If you’ve been following pre-season testing you’ll have heard pretty much every Formula 1 driver on the grid describe his new car as the fastest he's driven yet. Well, maybe apart from Fernando Alonso.
With significantly more downforce and extra mechanical grip, the drivers of 2017 have to contend with much higher g-forces and heavier braking loads than last year. Pushing an F1 car to its limit has become a drastically more physical experience than it was and most agree that’s a good thing for the top rung of motorsport.
But it’s still some way off what drivers had to contend with in the early 1990s. Martin Brundle is now better known for his role as a Sky F1 commentator, but he spent the best part of 10 years racing in what will likely remain F1’s most physically demanding era.
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“The cars back in the early 1990s were really physical because we didn’t have power steering,” he says. “The steering was heavy, the controls were heavy, changing gear was heavy. Everything was tough to operate.”
In his career, Brundle drove for seven teams including Tyrrell, Benetton and McLaren. He raced the brutal turbo cars of the mid-1980s, which had outputs north of 1000bhp and needed butch drivers with moustaches and wrists of steel to operate them. Yet it’s actually the higher-downforce cars of the following decade that Brundle remembers as being the toughest to drive.
“In 1992 at Benetton, my speed was limited by if I could turn the wheel in qualifying, especially in the last two corners at Barcelona, which used to be much faster,” he explains. “Now they’ve got power steering and they’ve got headrests to rest their heads on in the fast corners, so while the cars are faster it’s still not at that level.”
You only have to watch the onboard video of Brundle from 1992 (above), when he was teammate to Michael Schumacher, to see what he’s talking about. Brundle can be seen wrestling with the wheel, battling violent kickback and turning against steering loads of several dozen kilograms – something he did lap after lap. Not only did you need big cojones back then, you needed phenomenal muscle endurance.
Compare that to today, where drivers steer with fingertip accuracy, and it looks as though the cars of the early 1990s will forever remain the most exhausting to drive. But that’s not to say this year’s cars are easy to master.
Pre-season testing in Barcelona has shown that lateral loads have nearly doubled in certain corners compared to last year, with the circuit’s third turn a perfect demonstrator of the higher g-forces – watch new Mercedes signing Valtteri Bottas take it flat out below.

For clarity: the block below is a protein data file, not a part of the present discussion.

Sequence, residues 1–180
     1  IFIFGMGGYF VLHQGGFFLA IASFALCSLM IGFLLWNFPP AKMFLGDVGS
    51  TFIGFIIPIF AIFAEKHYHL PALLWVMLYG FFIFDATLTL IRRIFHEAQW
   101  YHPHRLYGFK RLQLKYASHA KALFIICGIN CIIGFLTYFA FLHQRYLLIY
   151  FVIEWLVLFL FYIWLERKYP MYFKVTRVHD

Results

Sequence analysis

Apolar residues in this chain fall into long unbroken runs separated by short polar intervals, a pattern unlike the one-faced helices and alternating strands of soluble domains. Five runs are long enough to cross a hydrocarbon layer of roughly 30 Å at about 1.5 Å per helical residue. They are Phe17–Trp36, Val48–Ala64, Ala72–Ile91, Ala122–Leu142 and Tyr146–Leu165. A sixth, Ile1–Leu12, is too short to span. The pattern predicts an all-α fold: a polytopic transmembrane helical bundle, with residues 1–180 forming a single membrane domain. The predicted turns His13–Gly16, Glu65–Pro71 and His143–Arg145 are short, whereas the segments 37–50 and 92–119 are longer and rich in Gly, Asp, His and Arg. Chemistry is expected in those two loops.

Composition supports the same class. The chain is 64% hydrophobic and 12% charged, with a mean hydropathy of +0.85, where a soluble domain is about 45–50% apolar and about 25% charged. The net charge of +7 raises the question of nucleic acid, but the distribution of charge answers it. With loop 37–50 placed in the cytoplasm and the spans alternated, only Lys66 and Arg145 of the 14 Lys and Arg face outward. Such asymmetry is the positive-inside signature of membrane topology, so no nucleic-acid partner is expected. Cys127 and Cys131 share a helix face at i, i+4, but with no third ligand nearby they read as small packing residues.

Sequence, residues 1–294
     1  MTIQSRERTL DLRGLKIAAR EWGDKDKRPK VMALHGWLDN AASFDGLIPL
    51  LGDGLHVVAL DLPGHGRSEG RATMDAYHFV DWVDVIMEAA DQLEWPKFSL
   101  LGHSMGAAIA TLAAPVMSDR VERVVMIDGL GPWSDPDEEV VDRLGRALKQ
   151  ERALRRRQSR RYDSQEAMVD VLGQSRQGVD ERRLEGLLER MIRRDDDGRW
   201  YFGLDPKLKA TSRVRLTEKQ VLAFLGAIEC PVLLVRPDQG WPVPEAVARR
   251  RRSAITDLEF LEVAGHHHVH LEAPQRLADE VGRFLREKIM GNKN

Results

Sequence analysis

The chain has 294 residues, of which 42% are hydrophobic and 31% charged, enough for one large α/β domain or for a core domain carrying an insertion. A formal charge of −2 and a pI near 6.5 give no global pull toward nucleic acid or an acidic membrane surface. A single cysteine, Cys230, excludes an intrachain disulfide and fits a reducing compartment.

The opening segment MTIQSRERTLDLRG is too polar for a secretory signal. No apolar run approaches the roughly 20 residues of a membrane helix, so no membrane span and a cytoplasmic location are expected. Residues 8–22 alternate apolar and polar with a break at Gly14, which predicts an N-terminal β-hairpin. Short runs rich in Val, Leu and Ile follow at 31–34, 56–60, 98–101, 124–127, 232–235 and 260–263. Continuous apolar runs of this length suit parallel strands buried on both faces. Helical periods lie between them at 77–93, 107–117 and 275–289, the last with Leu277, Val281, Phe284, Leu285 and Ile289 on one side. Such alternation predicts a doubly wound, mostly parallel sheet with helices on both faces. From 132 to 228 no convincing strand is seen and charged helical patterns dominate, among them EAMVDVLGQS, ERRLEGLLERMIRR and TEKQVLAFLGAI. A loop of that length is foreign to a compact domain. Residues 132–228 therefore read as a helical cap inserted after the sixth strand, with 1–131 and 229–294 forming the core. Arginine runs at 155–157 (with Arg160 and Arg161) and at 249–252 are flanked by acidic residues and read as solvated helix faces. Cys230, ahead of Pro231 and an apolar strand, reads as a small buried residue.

“What’s absolutely clear is the drivers are enjoying driving the cars and tyres more,” continues Brundle. “They can attack the high-speed corners and you can see it standing beside the track. They just look better to drive and they don’t float in the middle of the turn like last year.”
Lap records will be broken this year, which is something that F1 hasn’t been able to do on older circuits since 2004, when the monstrous V10 era ended. Brundle expects both race and qualifying pace to be as fast as ever, with the new, wider Pirelli tyres playing a big part in this transformation.
“I think what’s very significant is the tyres are lasting a lot longer,” he says. “In the previous three of four years we saw drivers back off after three laps, struggling with grip. But now they’re doing 25 laps and only after that having to back off, so we’re back to Bridgestone [mid-2000s] levels of degradation.”
This will enable drivers to push harder for longer, further adding to the physical challenge. However, Brundle hopes it doesn’t translate into the procession races F1 had to endure when the grooved Bridgestone and Michelin tyres of the mid-2000s proved too durable. “My concern is they’ll go back to one stop races or they’ll pit on the last few laps to put the slower tyres on,” he comments.
The truth is, we won’t know exactly what this year’s regulation changes have had on Formula 1 until the first few races have taken place. In recent years, many have loved seeing drivers fight cars through the middle of corners but others, like me, missed the awe inspiring and unbelievable pace of higher-downforce cars.
It seems this new-look F1 is back to that. Whether that makes for a better spectacle is yet to be seen. But at least we can rest assured that the 2017 cars are a heck of a lot harder to drive flat out, even if they might not be the hardest ever.
You can catch Martin Brundle on the Sky F1 channel, which will be showing live coverage of every 2017 Grand Prix.